Clinical performance of three rapid diagnostic tests for influenza virus in nasopharyngeal specimens to detect novel swine-origin influenza viruses
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- Pongthanapisith, V., Sukasem, C., Premchaiporn, K. et al. Infection (2011) 39: 105. doi:10.1007/s15010-011-0092-x
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Influenza is an important public health problem. The aim of this study was to evaluate and compare the sensitivity and specificity of three rapid diagnostic tests (SEKISUI, QuickVue Influenza A + B, and SD BIOLINE) for novel swine-origin influenza viruses (S-OIV) and seasonal influenza.
Materials and methods
A total of 210 nasopharyngeal swabs from unique clinical specimens were previously tested by real-time reverse transcription polymerase chain reaction (RT-PCR) assay and tested again in this study.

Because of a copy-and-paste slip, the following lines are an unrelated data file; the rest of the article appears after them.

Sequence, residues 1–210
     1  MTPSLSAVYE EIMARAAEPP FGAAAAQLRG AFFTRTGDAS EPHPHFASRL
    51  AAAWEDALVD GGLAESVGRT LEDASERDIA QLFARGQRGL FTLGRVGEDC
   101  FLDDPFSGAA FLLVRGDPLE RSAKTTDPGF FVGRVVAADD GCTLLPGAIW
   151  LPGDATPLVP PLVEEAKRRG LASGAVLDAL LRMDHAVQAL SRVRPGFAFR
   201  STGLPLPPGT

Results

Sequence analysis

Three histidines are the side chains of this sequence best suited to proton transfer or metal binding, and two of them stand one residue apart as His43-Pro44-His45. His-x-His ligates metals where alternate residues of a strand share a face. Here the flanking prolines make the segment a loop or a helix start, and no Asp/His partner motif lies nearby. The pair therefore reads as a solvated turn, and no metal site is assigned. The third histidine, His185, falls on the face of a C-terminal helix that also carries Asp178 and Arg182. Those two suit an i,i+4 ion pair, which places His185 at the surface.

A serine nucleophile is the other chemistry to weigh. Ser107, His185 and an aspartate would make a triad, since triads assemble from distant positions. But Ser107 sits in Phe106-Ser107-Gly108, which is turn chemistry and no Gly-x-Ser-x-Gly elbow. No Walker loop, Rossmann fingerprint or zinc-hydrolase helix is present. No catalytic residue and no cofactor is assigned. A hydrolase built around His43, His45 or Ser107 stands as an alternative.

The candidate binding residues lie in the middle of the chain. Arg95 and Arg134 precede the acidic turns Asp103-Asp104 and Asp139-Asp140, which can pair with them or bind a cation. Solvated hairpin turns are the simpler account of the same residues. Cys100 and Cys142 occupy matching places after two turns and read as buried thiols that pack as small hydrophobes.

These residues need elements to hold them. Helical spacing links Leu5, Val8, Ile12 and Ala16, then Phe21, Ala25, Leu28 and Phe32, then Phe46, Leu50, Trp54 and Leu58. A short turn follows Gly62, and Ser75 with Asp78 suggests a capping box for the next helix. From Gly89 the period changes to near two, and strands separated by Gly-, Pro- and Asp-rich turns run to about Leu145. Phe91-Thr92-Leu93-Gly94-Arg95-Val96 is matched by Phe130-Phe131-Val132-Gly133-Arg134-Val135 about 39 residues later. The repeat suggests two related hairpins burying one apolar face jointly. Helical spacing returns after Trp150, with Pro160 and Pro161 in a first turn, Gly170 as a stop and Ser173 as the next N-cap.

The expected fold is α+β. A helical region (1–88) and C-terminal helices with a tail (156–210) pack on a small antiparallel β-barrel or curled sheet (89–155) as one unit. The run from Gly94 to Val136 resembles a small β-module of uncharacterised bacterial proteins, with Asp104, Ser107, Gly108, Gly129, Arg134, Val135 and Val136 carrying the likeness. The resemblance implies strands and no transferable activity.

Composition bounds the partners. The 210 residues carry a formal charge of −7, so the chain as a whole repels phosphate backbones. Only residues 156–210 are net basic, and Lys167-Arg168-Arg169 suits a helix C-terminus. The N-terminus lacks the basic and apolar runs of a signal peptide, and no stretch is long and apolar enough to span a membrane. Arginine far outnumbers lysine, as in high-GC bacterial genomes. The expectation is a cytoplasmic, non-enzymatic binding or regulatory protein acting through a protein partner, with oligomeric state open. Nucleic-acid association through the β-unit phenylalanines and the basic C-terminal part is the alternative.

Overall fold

Results and discussion
Of these, 164 (78%) were influenza A-positive and 46 (22%) were influenza A-negative by RT-PCR. From 115 positive swabs, 80 (69.6%), 66 (57.4%), and 46 (40.0%) showed S-OIV by SEKISUI, QuickVue Influenza A + B, and SD BIOLINE, respectively. Specific positive and negative predictive values of these three commercial rapid tests were all 100%. Therefore, positive rapid influenza virus diagnosis does not require an RT-PCR confirmatory test. Conversely, only negative rapid influenza virus diagnosis should be evaluated. The SEKISUI test would be a useful diagnostic tool for screening clinical samples for influenza. Concerning the various specimen types, among 25 patients with RT-PCR-proven S-OIV infection, influenza was identified in sputum (21/25; 84.0%) and nasopharyngeal swab (15/25; 60.0%) specimens, but in only 36.0% (9/25) of throat swab specimens. Sputum and nasopharyngeal swab specimens were the most predictive of influenza virus infection, while throat swab specimens were the least predictive of influenza virus infection.